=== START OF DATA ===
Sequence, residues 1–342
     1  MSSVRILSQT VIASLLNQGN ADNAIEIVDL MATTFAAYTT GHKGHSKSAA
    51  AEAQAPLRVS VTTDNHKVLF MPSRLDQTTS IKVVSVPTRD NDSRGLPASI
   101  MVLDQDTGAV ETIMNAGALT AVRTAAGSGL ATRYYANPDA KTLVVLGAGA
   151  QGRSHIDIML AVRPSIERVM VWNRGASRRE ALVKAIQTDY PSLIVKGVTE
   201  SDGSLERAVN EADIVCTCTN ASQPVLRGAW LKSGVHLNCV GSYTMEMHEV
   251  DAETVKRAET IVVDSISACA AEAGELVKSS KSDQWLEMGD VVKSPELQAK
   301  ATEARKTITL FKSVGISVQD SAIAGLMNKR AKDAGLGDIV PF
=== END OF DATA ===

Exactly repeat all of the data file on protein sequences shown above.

Sequence, residues 1–342
     1  MSSVRILSQT VIASLLNQGN ADNAIEIVDL MATTFAAYTT GHKGHSKSAA
    51  AEAQAPLRVS VTTDNHKVLF MPSRLDQTTS IKVVSVPTRD NDSRGLPASI
   101  MVLDQDTGAV ETIMNAGALT AVRTAAGSGL ATRYYANPDA KTLVVLGAGA
   151  QGRSHIDIML AVRPSIERVM VWNRGASRRE ALVKAIQTDY PSLIVKGVTE
   201  SDGSLERAVN EADIVCTCTN ASQPVLRGAW LKSGVHLNCV GSYTMEMHEV
   251  DAETVKRAET IVVDSISACA AEAGELVKSS KSDQWLEMGD VVKSPELQAK
   301  ATEARKTITL FKSVGISVQD SAIAGLMNKR AKDAGLGDIV PF